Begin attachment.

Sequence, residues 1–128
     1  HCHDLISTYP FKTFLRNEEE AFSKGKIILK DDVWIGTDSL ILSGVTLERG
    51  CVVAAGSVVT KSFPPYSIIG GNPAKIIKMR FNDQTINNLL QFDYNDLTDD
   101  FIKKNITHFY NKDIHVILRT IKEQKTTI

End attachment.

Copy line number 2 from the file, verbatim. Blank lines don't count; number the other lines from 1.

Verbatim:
     1  HCHDLISTYP FKTFLRNEEE AFSKGKIILK DDVWIGTDSL ILSGVTLERG